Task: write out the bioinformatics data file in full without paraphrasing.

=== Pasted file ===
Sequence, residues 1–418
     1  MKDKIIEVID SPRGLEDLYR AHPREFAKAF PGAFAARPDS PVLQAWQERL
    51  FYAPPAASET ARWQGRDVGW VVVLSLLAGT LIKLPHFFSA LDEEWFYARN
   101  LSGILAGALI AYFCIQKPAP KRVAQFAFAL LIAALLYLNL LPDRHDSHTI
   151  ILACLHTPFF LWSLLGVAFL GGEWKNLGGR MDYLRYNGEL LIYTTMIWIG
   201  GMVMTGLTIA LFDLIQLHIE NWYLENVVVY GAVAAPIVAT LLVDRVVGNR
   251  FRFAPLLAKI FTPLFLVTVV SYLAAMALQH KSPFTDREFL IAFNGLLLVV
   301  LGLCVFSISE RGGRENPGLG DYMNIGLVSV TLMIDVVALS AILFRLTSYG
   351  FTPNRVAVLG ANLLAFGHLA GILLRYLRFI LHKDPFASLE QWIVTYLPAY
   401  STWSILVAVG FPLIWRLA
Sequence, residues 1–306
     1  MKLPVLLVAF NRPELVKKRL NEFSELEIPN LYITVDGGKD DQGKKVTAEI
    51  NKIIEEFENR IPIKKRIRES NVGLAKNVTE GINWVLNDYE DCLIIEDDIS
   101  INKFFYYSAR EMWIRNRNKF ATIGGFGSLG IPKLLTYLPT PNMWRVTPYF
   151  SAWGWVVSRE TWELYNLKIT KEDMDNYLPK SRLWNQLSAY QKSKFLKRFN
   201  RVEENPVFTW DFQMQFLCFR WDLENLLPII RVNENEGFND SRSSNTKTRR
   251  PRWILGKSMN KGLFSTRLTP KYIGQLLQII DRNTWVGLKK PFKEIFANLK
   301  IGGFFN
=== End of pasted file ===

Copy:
Sequence, residues 1–418
     1  MKDKIIEVID SPRGLEDLYR AHPREFAKAF PGAFAARPDS PVLQAWQERL
    51  FYAPPAASET ARWQGRDVGW VVVLSLLAGT LIKLPHFFSA LDEEWFYARN
   101  LSGILAGALI AYFCIQKPAP KRVAQFAFAL LIAALLYLNL LPDRHDSHTI
   151  ILACLHTPFF LWSLLGVAFL GGEWKNLGGR MDYLRYNGEL LIYTTMIWIG
   201  GMVMTGLTIA LFDLIQLHIE NWYLENVVVY GAVAAPIVAT LLVDRVVGNR
   251  FRFAPLLAKI FTPLFLVTVV SYLAAMALQH KSPFTDREFL IAFNGLLLVV
   301  LGLCVFSISE RGGRENPGLG DYMNIGLVSV TLMIDVVALS AILFRLTSYG
   351  FTPNRVAVLG ANLLAFGHLA GILLRYLRFI LHKDPFASLE QWIVTYLPAY
   401  STWSILVAVG FPLIWRLA
Sequence, residues 1–306
     1  MKLPVLLVAF NRPELVKKRL NEFSELEIPN LYITVDGGKD DQGKKVTAEI
    51  NKIIEEFENR IPIKKRIRES NVGLAKNVTE GINWVLNDYE DCLIIEDDIS
   101  INKFFYYSAR EMWIRNRNKF ATIGGFGSLG IPKLLTYLPT PNMWRVTPYF
   151  SAWGWVVSRE TWELYNLKIT KEDMDNYLPK SRLWNQLSAY QKSKFLKRFN
   201  RVEENPVFTW DFQMQFLCFR WDLENLLPII RVNENEGFND SRSSNTKTRR
   251  PRWILGKSMN KGLFSTRLTP KYIGQLLQII DRNTWVGLKK PFKEIFANLK
   301  IGGFFN